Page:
In an age when you have to be picture perfect to make it as a star, it's always great to flash back to a time when talent and screen presence were more important than having six pack abs and a pretty smile. 300+ pound character actor Victor Buono was one of those great little Hollywood success stories of yesteryear that you seldom see anymore. Right out of the gate, Buono managed to hold his own against none other than Bette Davis in the classic WHAT EVER HAPPENED TO BABY JANE? (1962) and ended up with an Oscar nomination for his work. From there on out, quality roles came few and far between for the bulky actor, but he did manage to snag some memorable supporting parts (particularly on the small screen with villainous turns on both Batman and The Wild Wild West) as well as this starring vehicle. Loosely based on the crimes of The Boston Strangler, which were going on at the time this was filmed, this seedy little thriller perfectly captures the essence of its star and what was so wonderful about him; capitalizing on Buono's ability to look soft and harmless one minute and sleazy and sinister the next.
This is no mystery film. It's unveiled in the very first scene that Buono's Leo Kroll is the strangler. A maladjusted loner of a mama's boy, Leo gets his kicks sneaking into women's homes late at night and strangling them because he can't make love to them. He also has a peculiar doll fetish and gets worked up into a jittery, sweaty frenzy undressing and stroking his plastic love substitutes. Leo's mother (perfectly played by Ellen Corby) is a horrendous, domineering old hypochondriac who has royally screwed up her son over the years with her passive aggressive digs at him and her incessant clinginess. Mrs. Kroll is currently living in a nursing home, but demands Leo come visit her every single night, criticizes the way he kisses her on the forehead and says things like "You're not good-looking, you're fat!," "You haven't any money." and "Even as a little boy, nobody liked you!" to try to keep him from straying. Dealing with her all these years means Leo hasn't been able to form any kind of relationship or even a close friendship with anyone else.
With eight victims already claimed with several more still to come, police lieutenant Frank Benson (David McLean), sergeant Mack Clyde (Baynes Barron) and detective Mel Posner (Michael Ryan) are all on the case, with additional help from shrink Dr. Clarence Sanford (Russ Bender). Because the latest victim is a nurse who worked at Leo's hospital, he instantly becomes a suspect. Since his next victim (Jeanne Bates) is Leo's mother's nurse, whom he kills simply to give his ailing mother a heart attack (!), the police start taking even more interest in him. Leo's able to throw them off by passing a polygraph test, giving himself enough time to try to cozy up to the sweet and pretty Tally (Davey Davison), who works at a Toss-A-Ring booth with her flirtatious friend Barbara (Diane Sayer). Leo's been watching her from afar for a long time and even has his recently departed mama's engagement ring on hand so he can awkwardly pop the question.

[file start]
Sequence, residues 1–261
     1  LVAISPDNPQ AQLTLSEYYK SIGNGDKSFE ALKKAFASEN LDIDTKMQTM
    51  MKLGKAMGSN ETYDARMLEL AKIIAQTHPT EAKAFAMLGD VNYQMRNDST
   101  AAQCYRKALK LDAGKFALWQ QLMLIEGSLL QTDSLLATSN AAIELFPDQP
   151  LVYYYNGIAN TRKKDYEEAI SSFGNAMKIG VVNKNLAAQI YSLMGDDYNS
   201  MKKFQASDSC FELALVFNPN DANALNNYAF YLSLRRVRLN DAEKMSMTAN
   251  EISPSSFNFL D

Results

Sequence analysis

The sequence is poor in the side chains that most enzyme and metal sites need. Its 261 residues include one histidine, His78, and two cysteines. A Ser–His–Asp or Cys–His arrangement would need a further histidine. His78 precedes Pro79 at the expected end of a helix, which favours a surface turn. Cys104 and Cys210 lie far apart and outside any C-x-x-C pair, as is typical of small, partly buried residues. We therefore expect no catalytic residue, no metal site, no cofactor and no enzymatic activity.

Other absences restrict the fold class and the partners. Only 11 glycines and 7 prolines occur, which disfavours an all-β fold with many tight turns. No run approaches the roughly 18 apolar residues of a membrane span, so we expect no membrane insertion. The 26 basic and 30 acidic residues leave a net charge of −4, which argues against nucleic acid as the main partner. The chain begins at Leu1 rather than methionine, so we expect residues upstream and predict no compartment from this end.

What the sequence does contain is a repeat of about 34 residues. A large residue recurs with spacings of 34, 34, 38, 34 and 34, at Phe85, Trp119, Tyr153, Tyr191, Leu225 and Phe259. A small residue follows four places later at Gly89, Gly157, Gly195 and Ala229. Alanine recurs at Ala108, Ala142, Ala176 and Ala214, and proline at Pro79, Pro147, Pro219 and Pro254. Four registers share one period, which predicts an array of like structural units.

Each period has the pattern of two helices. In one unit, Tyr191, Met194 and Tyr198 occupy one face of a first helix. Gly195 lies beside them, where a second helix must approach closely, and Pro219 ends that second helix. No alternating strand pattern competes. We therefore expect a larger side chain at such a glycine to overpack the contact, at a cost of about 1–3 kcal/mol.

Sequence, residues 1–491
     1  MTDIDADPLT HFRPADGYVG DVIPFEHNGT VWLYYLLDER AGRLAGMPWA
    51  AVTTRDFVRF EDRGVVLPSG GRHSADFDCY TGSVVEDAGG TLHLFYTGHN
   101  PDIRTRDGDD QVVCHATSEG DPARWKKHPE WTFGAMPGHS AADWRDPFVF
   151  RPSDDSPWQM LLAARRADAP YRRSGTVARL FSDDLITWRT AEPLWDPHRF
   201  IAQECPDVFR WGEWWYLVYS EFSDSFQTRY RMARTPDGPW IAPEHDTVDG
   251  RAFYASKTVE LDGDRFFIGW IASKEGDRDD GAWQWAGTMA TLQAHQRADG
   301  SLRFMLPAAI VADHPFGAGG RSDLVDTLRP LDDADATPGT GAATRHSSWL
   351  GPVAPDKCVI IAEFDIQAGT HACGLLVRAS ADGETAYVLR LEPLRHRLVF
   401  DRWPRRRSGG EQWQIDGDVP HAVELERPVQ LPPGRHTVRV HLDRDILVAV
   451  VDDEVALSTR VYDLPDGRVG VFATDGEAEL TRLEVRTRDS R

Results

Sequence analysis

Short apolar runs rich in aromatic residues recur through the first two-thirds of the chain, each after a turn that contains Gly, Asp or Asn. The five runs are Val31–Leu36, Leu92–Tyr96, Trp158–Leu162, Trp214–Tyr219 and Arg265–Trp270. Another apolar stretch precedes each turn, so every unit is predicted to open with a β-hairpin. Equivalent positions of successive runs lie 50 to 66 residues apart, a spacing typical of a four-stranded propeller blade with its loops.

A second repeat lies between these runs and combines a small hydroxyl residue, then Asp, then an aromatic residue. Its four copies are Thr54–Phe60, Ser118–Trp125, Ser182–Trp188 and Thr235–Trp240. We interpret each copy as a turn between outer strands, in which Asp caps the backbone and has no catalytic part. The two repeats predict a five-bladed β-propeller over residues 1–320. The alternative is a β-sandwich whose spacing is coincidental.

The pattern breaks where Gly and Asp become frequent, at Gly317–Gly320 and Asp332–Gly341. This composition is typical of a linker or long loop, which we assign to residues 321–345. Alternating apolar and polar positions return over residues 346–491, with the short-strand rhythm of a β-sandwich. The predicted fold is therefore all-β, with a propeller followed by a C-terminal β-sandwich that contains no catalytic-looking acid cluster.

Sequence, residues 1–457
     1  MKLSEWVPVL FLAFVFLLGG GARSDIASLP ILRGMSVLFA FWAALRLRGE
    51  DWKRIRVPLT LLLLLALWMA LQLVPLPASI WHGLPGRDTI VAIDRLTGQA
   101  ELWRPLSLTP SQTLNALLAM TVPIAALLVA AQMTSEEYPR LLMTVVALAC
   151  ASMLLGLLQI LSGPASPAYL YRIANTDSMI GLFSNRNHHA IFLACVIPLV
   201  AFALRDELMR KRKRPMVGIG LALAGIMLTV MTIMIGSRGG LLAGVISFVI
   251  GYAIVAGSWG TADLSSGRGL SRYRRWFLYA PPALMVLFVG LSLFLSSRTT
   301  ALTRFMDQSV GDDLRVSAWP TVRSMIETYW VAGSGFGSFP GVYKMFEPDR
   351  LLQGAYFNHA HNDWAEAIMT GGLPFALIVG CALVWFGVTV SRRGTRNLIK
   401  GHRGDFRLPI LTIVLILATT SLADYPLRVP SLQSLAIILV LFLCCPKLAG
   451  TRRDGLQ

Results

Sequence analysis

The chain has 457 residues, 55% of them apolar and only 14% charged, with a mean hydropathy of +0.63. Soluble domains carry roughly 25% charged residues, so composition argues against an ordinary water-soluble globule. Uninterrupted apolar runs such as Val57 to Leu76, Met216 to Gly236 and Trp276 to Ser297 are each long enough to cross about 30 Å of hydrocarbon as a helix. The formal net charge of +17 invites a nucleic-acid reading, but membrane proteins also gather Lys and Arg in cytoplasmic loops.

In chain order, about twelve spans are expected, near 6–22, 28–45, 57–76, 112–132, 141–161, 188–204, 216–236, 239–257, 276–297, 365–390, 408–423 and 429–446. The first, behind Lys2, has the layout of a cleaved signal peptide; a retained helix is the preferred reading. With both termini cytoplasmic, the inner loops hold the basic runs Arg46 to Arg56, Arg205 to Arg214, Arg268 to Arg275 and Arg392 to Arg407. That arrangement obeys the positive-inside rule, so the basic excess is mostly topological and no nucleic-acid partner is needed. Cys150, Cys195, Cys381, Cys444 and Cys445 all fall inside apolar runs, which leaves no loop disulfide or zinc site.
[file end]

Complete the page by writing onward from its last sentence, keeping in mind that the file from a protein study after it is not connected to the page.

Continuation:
Buono is terrific playing a character who's smarmy, egotistical and pretty unlikable on the outside, yet retains enough childish vulnerability that he's also somewhat sympathetic. The supporting cast (particularly Corby and Sayer) is quite good, as well, and the supporting characters are all reasonably well-drawn and entertaining. Hell, even the standard police investigation scenes - usually a bore in these kind of films - are better than usual and done with both competence and a sense of humor. Low in budget, director Topper does some creative things to try to spice things up. The scene transitions are smooth and there are some stylish, noir-like touches thrown in here; such as a victim reflected in the killer's eye. By 1963 standards, it's also pretty sleazy, with most of the victims stripping down to their bras, panties and slips before getting attacked.
Certainly not an 'A' Picture, this is still much better than your usual 'B.' We'll give it a B+. Sadly, it hasn't been well-serviced on home video. 20th Century Fox released it to VHS in 1991 but I don't think it's ever been released on DVD.